swing state


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swing state

In U.S. general elections, a state that votes in roughly equal proportion for candidates of both the Democratic and Republican Parties and whose influence on the election has the power to determine the outcome.. With the country so deeply divided between these two candidates, it will come down to just a handful of swing states to determine who will be the next president.
See also: state, swing
References in periodicals archive ?
senator, governor and attorney general, the electorate in many states tend to lean strongly toward one major party or the other these are often described as Republican "Red States" and Democratic "Blue States." More competitive states, or "swing states," are those in which statewide elections are much tighter from cycle to cycle, and party control is more elastic.
President Donald Trump's steel and aluminum import tariffs may play havoc with economic orthodoxy, but they fit an established American political tradition: They mostly benefit the swing states that carried the 2016 election for Trump.
North Carolina lived up to its swing state reputation as there were Fil-Ams who voted for Trump.
"Pick one from a swing state that's in play and you might get a marginal boost.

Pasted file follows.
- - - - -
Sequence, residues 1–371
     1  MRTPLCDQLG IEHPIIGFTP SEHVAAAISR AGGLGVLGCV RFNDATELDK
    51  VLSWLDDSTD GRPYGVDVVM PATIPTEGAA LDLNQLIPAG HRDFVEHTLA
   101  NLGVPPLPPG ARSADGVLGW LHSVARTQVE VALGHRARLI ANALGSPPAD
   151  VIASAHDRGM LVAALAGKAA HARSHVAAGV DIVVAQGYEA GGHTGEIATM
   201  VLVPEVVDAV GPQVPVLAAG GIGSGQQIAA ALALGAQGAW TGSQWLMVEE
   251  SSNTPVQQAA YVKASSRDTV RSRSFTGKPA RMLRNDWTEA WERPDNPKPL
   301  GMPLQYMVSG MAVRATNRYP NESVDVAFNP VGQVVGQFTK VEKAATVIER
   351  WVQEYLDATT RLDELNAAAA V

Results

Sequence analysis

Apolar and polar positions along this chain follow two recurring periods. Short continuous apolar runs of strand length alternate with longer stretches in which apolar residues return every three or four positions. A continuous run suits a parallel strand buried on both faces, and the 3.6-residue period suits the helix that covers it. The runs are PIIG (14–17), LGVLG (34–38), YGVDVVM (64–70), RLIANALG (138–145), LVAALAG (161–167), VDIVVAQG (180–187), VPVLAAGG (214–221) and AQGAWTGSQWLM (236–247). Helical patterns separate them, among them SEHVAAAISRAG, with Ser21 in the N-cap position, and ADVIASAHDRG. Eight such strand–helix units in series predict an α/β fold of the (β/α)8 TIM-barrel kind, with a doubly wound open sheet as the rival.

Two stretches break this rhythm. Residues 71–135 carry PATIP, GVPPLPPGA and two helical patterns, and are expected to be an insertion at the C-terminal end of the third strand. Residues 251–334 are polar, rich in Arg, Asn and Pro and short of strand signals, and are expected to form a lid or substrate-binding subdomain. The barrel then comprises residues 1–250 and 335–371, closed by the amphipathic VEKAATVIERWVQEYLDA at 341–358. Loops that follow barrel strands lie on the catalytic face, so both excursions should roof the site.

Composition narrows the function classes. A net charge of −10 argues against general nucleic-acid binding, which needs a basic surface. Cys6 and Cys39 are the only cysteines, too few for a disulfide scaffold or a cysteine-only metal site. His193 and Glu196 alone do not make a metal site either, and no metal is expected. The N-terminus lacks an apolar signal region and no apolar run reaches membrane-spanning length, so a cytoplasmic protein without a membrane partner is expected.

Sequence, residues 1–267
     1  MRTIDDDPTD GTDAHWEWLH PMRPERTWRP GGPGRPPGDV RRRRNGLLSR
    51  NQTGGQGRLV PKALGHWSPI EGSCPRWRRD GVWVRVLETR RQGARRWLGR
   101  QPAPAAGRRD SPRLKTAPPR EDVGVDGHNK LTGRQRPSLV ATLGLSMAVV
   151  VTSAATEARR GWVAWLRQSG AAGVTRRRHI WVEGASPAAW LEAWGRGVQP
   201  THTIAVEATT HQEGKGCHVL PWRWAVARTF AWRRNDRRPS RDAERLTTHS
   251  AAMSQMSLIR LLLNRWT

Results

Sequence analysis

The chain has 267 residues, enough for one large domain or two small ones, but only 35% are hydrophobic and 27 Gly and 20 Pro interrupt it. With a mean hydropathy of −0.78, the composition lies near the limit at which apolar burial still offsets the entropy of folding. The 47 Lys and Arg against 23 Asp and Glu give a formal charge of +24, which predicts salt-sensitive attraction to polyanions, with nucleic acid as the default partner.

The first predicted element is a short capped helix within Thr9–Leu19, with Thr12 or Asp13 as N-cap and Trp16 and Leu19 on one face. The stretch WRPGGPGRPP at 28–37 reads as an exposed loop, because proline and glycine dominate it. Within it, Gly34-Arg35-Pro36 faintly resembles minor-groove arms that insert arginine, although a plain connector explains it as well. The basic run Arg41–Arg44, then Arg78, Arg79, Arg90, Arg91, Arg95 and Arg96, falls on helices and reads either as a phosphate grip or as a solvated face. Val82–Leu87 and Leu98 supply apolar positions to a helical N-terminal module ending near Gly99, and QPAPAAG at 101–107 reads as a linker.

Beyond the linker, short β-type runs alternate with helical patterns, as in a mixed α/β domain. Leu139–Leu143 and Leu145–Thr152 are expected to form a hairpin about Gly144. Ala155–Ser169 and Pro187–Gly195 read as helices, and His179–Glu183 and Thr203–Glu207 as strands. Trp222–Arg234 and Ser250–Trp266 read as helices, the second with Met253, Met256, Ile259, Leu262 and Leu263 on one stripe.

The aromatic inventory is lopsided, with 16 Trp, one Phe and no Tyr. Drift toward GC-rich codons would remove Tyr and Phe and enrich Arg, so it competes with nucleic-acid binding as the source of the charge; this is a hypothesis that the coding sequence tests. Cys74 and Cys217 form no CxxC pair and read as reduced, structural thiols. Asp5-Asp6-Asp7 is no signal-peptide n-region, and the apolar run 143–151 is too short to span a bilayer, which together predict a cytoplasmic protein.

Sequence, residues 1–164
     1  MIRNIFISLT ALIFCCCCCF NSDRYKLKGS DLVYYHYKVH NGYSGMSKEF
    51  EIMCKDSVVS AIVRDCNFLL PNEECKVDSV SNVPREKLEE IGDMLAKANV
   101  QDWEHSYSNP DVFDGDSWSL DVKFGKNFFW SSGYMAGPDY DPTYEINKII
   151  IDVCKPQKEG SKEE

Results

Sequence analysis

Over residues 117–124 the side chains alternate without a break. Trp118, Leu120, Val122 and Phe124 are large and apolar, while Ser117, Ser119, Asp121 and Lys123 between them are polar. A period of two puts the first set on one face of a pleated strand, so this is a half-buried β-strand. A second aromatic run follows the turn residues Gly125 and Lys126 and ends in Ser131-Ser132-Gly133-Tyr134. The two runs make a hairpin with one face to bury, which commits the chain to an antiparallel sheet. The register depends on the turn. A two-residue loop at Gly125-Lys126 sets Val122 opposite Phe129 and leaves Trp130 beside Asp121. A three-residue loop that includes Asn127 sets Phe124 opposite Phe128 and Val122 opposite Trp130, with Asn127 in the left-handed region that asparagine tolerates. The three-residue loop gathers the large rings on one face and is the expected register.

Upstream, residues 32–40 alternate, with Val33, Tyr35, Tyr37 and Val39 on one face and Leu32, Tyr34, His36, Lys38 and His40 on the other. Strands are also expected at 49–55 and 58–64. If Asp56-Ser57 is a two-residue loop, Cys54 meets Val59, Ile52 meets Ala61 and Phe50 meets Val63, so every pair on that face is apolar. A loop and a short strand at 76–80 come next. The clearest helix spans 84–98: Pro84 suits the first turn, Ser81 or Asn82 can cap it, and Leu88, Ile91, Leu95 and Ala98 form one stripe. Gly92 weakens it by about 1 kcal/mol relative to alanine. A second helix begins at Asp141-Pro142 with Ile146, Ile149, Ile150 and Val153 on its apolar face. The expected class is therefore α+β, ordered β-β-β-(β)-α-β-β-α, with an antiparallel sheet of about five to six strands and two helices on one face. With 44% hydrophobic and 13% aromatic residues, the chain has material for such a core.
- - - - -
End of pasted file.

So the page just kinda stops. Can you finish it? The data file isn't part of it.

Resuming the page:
In the world Swing State represents--impoverished industrial towns in the rural Northeast--no form of protection exists for those pushed to the brink by poverty and violence.
Manley noted Republicans are facing tough races for Senate seats in swing states such as Ohio, Florida, New Hampshire, Wisconsin and Pennsylvania and could find themselves in even tighter spots because of the divisive fight over Scalia's replacement.
By 2032, Florida moves from a Democratic swing state to a solid blue state.
Fournier takes a singularly unflinching look at just this situation in Swing State, a brisk yet bleak novel that gets into the heads of three distinct characters facing the grim realities of an economic recession in rural New England.
Esbeck noted that the positive effects of the swing state initiative grew eHponentially when there was coordination between the state association and NTCR.
In a paper on federal grants for the Center for the Study of Democratic Institutions, John Hudak found that "swing states receive about 9% more grants and almost 7% more grant dollars than non-swing states when an election is proximate" (Hudak 2011)--a pattern certain to increase as swing state status becomes more predictable.
Florida is a pivotal swing state. In 2008 and 2012, Florida voters supported President Barack Obama by narrow margins.
The Global Swing State Project has a superficial approach towards the normative aspect of international order and deals with the issue in terms of human rights and democracy.
But I couldn't help wondering if we were electing the president of Colorado or Florida or some other swing state. Oddsmakers and pundits say we will elect the president of Ohio, "the swingingest state with most" electoral votes.
Obama's victory in the hotly contested swing state of Ohio - as projected by TV networks - was a major step in the fight for the 270 electoral votes needed to clinch the White House and ended Romney's hopes of pulling off a string of swing-state upsets.
The president won solid Democratic states and a number of swing states. His narrow victory in Ohio, a critical Mid-Western swing state, sealed the victory.